"Wilbur felt influences from both sides of his family. He enjoyed drawing and creating cartoons when he was young, but he also had a passion for words. His interests were combined when he began writing poems, since he uses vivid visual images in his poetry." (eNotes)

Family

  • Wife: Mary Charlotte Hayes Ward (1922 -2007)
  • Children:
  • Ellen Dickinson
  • Christopher Hayes
  • Nathan Lord
  • Aaron Hammond

Accolades and Prizes

His honors include the 1983 Drama Desk Special Award for his translation of The Misanthrope, the Pulitzer Prize for Poetry and the National Book Award, both in 1957, the Edna St Vincent Millay award, the Bollingen Prize, and the Chevalier, Ordre National des Palmes Académiques. He was elected a Fellow of the American Academy of Arts and Sciences in 1959.[8] In 1987 Wilbur became the second poet, after Robert Penn Warren, to be named U.S. Poet Laureate after the position's title was changed from Poetry Consultant. In 1989 he won a second Pulitzer, this one for his New and Collected Poems. On October 14, 1994, he received the National Medal of Arts from President Clinton. In 2006, Wilbur won the Ruth Lilly Poetry Prize. In 2010 he won the National Translation Award for the translation of The Theatre of Illusion by Pierre Corneille.

Sources

О Ричард Перди Wilbur (русский)

Ри́чард Пе́рди Уи́лбер (англ. Richard Purdy Wilbur; 1 марта 1921 года, Нью-Йорк, США - 14 октября 2017 года) — американский поэт и переводчик. Дважды лауреат Пулитцеровской премии (1957 и 1989). Уилбер родился в 1921 году в Нью-Йорке. В 1942 году окончил Амхерстский колледж, в 1947 году - Гарвард. Преподавал в колледжах, в 1945 - 1955 годах жил в Риме. С 1957 года - профессор английской литературы в Веслианском университете, Коннектикут.

Он посвятил себя поэзии, вернувшись со Второй мировой войны, и стал одним из самых узнаваемых поэтов своего поколения. Отмечается, что он был приверженцем классической версификации - метра и ритма - в эпоху экспериментов и получил две Пулитцеровские премии - одну за книгу "Вещи этого мира" в 1957 году, вторую - за сборник "Из старых и новых стихов" в 1989 году.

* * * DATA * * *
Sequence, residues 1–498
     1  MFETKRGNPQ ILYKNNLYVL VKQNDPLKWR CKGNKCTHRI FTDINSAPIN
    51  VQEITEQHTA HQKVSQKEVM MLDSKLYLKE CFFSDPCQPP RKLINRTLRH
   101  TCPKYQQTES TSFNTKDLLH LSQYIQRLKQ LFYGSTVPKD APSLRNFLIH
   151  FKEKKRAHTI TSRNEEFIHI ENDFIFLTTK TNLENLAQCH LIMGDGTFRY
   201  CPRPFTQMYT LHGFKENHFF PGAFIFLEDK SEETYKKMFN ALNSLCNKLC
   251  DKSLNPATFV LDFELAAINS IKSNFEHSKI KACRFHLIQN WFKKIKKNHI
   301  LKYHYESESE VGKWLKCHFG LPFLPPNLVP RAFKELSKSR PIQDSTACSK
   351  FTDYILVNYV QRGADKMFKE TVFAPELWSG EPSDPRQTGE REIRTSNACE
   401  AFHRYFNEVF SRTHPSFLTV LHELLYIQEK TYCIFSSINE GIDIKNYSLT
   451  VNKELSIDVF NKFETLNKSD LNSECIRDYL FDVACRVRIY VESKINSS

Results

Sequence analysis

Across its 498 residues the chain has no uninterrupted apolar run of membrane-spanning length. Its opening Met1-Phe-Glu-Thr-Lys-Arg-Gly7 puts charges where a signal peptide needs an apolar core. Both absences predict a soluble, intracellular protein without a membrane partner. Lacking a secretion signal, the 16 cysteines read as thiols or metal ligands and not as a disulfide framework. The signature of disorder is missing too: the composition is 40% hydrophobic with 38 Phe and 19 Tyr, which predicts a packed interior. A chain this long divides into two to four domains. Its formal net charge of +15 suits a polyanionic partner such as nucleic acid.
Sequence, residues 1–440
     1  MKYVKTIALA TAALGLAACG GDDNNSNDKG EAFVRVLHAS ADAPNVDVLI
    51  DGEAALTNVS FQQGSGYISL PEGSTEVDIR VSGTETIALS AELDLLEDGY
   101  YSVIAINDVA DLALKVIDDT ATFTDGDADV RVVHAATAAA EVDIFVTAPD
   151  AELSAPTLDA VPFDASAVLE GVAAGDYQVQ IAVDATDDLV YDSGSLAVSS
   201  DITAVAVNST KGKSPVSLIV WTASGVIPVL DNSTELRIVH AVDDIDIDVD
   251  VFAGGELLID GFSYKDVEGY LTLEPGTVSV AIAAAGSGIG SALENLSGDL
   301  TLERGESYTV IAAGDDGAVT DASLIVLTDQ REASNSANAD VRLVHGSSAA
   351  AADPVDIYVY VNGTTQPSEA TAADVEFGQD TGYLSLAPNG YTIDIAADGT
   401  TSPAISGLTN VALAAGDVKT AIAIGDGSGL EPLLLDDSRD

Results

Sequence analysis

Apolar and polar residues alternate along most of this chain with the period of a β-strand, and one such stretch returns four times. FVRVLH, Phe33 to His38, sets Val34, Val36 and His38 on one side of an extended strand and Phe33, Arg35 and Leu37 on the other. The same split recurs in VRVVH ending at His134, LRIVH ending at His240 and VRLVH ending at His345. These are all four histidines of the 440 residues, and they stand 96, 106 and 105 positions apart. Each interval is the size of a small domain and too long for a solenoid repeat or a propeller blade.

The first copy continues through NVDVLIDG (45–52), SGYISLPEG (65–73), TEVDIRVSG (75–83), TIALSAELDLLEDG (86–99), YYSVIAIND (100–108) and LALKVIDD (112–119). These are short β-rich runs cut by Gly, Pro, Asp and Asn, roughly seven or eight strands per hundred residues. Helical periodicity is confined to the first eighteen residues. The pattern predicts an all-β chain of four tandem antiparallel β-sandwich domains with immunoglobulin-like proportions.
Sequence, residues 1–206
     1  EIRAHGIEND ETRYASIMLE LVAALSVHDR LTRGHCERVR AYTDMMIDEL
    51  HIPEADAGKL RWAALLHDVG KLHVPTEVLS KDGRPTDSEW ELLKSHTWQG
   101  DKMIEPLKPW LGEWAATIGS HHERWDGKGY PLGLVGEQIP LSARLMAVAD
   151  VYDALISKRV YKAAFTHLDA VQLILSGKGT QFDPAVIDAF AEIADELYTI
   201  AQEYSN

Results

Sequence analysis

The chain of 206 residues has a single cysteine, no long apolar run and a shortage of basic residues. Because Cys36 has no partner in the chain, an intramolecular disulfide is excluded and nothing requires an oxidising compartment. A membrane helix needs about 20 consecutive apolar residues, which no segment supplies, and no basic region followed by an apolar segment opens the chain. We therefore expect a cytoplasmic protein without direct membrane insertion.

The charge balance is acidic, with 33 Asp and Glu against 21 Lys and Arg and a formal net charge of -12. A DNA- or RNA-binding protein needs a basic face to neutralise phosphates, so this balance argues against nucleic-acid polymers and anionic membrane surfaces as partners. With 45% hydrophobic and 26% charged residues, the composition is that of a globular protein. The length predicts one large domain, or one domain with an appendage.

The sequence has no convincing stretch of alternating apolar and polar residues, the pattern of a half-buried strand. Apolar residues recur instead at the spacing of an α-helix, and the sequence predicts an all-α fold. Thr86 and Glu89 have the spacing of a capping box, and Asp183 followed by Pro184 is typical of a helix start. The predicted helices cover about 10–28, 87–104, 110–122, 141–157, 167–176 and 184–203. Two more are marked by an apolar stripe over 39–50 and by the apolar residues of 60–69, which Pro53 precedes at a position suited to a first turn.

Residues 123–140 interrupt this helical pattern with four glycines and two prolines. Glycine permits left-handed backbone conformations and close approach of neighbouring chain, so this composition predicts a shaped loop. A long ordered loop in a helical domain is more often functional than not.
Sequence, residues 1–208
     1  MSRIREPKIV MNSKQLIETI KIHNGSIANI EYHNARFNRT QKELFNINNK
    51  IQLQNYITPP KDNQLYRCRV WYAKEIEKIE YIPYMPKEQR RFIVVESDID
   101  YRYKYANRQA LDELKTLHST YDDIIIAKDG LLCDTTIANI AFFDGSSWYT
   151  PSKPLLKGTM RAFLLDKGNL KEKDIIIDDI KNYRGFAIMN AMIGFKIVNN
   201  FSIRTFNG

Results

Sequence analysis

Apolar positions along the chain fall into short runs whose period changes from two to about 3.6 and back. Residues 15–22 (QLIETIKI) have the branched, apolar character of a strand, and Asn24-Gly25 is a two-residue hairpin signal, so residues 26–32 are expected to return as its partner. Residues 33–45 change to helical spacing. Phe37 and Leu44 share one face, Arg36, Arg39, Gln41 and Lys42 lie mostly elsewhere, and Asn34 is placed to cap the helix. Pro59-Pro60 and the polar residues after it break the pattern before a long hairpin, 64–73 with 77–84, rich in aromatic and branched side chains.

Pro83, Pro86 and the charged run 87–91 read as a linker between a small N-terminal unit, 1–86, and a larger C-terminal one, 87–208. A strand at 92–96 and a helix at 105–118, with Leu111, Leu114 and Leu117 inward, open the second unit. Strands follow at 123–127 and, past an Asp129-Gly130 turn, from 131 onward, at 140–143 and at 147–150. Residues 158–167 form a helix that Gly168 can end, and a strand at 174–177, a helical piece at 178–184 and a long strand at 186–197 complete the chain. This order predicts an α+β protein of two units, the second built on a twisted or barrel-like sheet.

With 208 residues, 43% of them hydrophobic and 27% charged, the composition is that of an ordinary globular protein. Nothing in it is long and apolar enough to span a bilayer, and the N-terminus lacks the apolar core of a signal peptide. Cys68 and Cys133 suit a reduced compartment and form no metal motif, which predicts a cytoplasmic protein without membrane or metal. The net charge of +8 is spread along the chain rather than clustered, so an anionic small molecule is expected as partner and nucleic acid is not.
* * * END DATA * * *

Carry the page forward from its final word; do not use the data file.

Пик его популярности в США пришелся на 1950-1960-е годы, когда вышли стихотворные сборники "Прекрасные перемены и другие стихотворения" (The Beautiful Changes and Other Poems, 1947), "Церемония" (Ceremony, 1950), "Вещи этого мира" (Things of This World, 1956, премия Пулитцера и Государственная премия), "Совет пророку" (Advice to a Prophet, 1962), "Стихи" (Poems, 1963), "Дорога к сну" (Walking to Sleep, 1969).

Он переводил на английский язык пьесы Жана Расина, Мольера, стихи Иосифа Бродского и Анны Ахматовой. Иосиф Бродский перевел несколько стихотворений Уилбера из сборника "Из старых и новых стихов" на русский язык, отмечает сайт "Горький". Кроме того, его высоко оценивал Набоков.

Директор Центра поэзии и литературы Библиотеки конгресса Роберт Каспер сказал, что если "Эшбери открыл целый новый вид поэзии, то Ричард Уилбер напомнил нам о прочной силе традиции: что стихи о естественном мире и о любви, написанные классической, традиционной рифмой и метром, все еще будут продолжать иметь значение в будущем".

Family

  • Wife: Mary Charlotte Hayes Ward (1922 -2007)
  • Children:
  • Ellen Dickinson
  • Christopher Hayes
  • Nathan Lord
  • Aaron Hammond

Accolades and Prizes

His honors include the 1983 Drama Desk Special Award for his translation of The Misanthrope, the Pulitzer Prize for Poetry and the National Book Award, both in 1957, the Edna St Vincent Millay award, the Bollingen Prize, and the Chevalier, Ordre National des Palmes Académiques. He was elected a Fellow of the American Academy of Arts and Sciences in 1959.[8] In 1987 Wilbur became the second poet, after Robert Penn Warren, to be named U.S. Poet Laureate after the position's title was changed from Poetry Consultant. In 1989 he won a second Pulitzer, this one for his New and Collected Poems. On October 14, 1994, he received the National Medal of Arts from President Clinton. In 2006, Wilbur won the Ruth Lilly Poetry Prize. In 2010 he won the National Translation Award for the translation of The Theatre of Illusion by Pierre Corneille.

Sources

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Richard Purdy Wilbur's Timeline

1921
March 1, 1921
New York, NY, United States
2017
October 14, 2017
Age 96
Belmont, Middlesex County, Massachusetts, United States